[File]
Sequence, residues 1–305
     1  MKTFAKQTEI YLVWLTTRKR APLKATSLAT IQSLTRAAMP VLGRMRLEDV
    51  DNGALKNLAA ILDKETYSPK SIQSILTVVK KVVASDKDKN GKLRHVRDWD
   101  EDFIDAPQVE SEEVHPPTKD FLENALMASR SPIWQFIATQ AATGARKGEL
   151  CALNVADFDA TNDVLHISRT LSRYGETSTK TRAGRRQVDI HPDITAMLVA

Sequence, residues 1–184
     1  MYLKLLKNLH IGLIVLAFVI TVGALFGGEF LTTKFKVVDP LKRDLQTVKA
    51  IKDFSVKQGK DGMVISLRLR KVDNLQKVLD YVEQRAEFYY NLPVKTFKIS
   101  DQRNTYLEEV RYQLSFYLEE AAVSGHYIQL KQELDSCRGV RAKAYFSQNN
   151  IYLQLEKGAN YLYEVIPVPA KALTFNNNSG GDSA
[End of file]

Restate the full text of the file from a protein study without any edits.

Sequence, residues 1–305
     1  MKTFAKQTEI YLVWLTTRKR APLKATSLAT IQSLTRAAMP VLGRMRLEDV
    51  DNGALKNLAA ILDKETYSPK SIQSILTVVK KVVASDKDKN GKLRHVRDWD
   101  EDFIDAPQVE SEEVHPPTKD FLENALMASR SPIWQFIATQ AATGARKGEL
   151  CALNVADFDA TNDVLHISRT LSRYGETSTK TRAGRRQVDI HPDITAMLVA

Sequence, residues 1–184
     1  MYLKLLKNLH IGLIVLAFVI TVGALFGGEF LTTKFKVVDP LKRDLQTVKA
    51  IKDFSVKQGK DGMVISLRLR KVDNLQKVLD YVEQRAEFYY NLPVKTFKIS
   101  DQRNTYLEEV RYQLSFYLEE AAVSGHYIQL KQELDSCRGV RAKAYFSQNN
   151  IYLQLEKGAN YLYEVIPVPA KALTFNNNSG GDSA